COVID-19 will be present “forever” and people are likely to need regular coronavirus vaccines, a former chief scientific adviser has warned.
Professor Sir Mark Walport, who is a member of the government’s Scientific Advisory Group for Emergencies (Sage), said that, like flu, repeat inoculations will be required.
He told BBC Radio 4’s Today programme that the COVID-19 pandemic will be controlled by “global vaccination” but that it is not “going to be a disease like smallpox which could be eradicated by vaccination”.
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“This is a virus that is going to be with us forever in some form or another and almost certainly will require repeated vaccinations,” he said.
“So, a bit like flu, people will need re-vaccination at regular intervals.”
The scientist also warned that it is “possible” the virus will get “out of control” again, but said more targeted measures can now be used instead of a generic lockdown.
His comments came after the head of the World Health Organisation said he hopes the coronavirus pandemic will be over within two years.
Tedros Adhanom Ghebreyesus said it took two years to overcome the Spanish flu in 1918, but that advances in technology could allow COVID-19 to be stopped in a “shorter time”.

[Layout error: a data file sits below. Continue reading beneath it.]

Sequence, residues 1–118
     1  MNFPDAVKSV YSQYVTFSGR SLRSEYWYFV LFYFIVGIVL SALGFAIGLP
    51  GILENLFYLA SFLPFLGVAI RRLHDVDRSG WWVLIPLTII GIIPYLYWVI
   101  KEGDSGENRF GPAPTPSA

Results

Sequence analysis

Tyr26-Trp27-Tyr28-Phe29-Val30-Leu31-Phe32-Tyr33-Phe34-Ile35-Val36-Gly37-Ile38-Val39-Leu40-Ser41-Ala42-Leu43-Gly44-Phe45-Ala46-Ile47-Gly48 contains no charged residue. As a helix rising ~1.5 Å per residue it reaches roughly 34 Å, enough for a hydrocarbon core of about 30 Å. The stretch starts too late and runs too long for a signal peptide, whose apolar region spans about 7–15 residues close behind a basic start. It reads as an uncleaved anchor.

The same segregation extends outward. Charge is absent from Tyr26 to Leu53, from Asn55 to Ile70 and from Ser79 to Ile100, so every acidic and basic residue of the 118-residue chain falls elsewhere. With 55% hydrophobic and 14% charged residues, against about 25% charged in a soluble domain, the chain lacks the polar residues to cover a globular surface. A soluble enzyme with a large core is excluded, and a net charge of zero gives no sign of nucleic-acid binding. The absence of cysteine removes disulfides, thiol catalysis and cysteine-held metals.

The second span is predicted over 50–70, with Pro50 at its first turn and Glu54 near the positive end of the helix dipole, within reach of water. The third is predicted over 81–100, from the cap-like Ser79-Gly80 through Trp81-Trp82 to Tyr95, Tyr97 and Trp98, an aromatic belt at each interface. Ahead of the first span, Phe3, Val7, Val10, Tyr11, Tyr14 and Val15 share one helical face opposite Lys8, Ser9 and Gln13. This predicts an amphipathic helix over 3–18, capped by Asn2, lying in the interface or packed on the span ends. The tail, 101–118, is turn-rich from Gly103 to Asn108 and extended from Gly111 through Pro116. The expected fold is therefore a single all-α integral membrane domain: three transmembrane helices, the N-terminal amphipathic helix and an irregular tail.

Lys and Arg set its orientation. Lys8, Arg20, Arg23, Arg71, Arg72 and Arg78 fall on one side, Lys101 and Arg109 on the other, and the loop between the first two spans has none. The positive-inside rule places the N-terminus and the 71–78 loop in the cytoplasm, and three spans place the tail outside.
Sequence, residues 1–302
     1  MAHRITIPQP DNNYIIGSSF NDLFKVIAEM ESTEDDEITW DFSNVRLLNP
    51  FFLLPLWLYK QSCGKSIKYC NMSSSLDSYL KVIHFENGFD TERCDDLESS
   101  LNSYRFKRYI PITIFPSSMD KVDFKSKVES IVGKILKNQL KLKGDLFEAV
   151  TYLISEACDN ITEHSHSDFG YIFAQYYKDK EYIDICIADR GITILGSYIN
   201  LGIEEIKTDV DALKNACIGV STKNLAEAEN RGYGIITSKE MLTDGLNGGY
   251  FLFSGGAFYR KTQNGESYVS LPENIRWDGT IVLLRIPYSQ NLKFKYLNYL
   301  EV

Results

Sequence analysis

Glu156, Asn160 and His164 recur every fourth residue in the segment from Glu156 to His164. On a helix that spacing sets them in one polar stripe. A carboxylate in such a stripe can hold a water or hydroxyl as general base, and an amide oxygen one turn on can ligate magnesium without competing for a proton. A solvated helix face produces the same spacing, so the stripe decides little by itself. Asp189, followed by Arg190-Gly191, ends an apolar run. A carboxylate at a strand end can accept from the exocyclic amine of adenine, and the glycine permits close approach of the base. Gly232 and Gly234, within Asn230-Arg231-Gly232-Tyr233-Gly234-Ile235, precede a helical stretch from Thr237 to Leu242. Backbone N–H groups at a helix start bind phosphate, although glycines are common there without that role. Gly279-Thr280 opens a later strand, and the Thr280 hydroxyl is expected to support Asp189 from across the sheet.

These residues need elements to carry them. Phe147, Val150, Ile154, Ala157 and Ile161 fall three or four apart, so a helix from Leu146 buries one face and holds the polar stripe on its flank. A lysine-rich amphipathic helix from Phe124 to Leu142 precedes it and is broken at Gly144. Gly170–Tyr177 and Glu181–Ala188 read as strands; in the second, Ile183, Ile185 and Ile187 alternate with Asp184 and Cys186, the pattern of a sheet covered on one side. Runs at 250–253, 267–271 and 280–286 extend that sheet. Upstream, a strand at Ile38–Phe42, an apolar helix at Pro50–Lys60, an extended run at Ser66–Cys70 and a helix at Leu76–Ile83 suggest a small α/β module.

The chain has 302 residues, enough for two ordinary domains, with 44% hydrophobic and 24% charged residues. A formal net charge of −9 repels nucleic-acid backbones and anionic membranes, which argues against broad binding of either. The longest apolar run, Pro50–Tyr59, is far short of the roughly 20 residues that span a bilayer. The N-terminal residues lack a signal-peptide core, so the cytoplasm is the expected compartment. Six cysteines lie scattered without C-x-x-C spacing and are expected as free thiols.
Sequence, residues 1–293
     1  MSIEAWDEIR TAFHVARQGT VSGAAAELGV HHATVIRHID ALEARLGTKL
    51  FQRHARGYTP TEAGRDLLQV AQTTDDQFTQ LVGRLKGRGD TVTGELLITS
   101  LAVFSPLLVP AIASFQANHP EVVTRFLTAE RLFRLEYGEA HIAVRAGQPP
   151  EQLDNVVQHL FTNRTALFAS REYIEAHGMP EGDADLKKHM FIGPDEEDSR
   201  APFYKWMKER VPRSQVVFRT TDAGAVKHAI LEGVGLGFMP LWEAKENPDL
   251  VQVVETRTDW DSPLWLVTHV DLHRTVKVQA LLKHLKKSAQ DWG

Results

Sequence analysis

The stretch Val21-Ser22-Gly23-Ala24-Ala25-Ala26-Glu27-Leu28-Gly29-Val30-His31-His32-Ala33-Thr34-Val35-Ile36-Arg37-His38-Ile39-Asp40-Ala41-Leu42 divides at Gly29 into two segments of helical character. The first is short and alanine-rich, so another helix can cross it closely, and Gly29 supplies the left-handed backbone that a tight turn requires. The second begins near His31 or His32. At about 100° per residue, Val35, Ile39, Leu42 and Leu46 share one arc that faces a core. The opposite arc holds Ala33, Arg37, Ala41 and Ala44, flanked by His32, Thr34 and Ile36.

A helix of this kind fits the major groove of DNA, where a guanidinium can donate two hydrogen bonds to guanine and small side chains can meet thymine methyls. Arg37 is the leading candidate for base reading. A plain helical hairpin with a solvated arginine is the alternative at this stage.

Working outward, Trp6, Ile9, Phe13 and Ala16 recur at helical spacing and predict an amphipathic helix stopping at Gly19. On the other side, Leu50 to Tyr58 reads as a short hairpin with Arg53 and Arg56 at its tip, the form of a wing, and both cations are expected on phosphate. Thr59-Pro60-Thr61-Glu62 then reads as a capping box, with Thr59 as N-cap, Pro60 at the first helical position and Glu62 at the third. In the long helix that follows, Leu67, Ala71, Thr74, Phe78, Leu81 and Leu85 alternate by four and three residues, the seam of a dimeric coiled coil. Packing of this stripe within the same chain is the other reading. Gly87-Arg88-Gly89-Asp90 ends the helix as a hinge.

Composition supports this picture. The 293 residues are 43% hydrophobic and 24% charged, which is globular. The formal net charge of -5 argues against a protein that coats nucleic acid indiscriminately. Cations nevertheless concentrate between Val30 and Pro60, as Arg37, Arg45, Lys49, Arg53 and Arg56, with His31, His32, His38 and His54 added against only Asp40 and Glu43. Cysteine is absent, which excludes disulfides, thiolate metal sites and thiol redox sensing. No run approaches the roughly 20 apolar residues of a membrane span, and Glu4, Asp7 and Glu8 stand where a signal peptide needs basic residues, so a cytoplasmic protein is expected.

Speaking in Geneva on Friday, he said: “Of course, with more connectiveness, the virus has a better chance of spreading.
“But, at the same time, we have also the technology to stop it, and the knowledge to stop it.”
Can I get the coronavirus from a parcel?
It’s hypothetically possible, but parcels pose a very small risk.
A US study found that the coronavirus can survive for up to 24 hours on cardboard (and paper is likely to be similar). So for the parcel to be contaminated, someone with COVID-19 would have had to touch or cough on your parcel within the past day.
The chances of this are low, but common sense advice would be to wash your hands with soap and water after opening the parcel, and then again after you’ve disposed of the packaging – especially if you or anyone else in your household is in one of the vulnerable groups.
The same study found that the virus can survive for up to three days on hard, shiny surfaces such as plastic and stainless steel – which is why door handles are particularly good vectors for the virus. So, if you receive anything packaged in plastic, such as takeaway deliveries, make sure to wash your hands after touching it, and especially before eating.
We don’t yet know how long the virus can survive on smartphone screens, but it’s likely to be up to three days. This means that you should ideally clean your phone with disinfectant wipes (Apple recommends 70 per cent isopropyl alcohol wipes), at least once a day.
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